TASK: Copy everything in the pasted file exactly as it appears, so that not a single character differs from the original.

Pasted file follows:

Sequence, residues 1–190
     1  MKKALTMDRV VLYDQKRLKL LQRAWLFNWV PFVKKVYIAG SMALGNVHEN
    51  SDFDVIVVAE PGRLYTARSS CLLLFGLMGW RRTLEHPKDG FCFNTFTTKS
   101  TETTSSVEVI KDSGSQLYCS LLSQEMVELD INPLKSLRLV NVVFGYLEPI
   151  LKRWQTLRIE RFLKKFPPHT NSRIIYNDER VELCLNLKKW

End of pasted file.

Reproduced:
Sequence, residues 1–190
     1  MKKALTMDRV VLYDQKRLKL LQRAWLFNWV PFVKKVYIAG SMALGNVHEN
    51  SDFDVIVVAE PGRLYTARSS CLLLFGLMGW RRTLEHPKDG FCFNTFTTKS
   101  TETTSSVEVI KDSGSQLYCS LLSQEMVELD INPLKSLRLV NVVFGYLEPI
   151  LKRWQTLRIE RFLKKFPPHT NSRIIYNDER VELCLNLKKW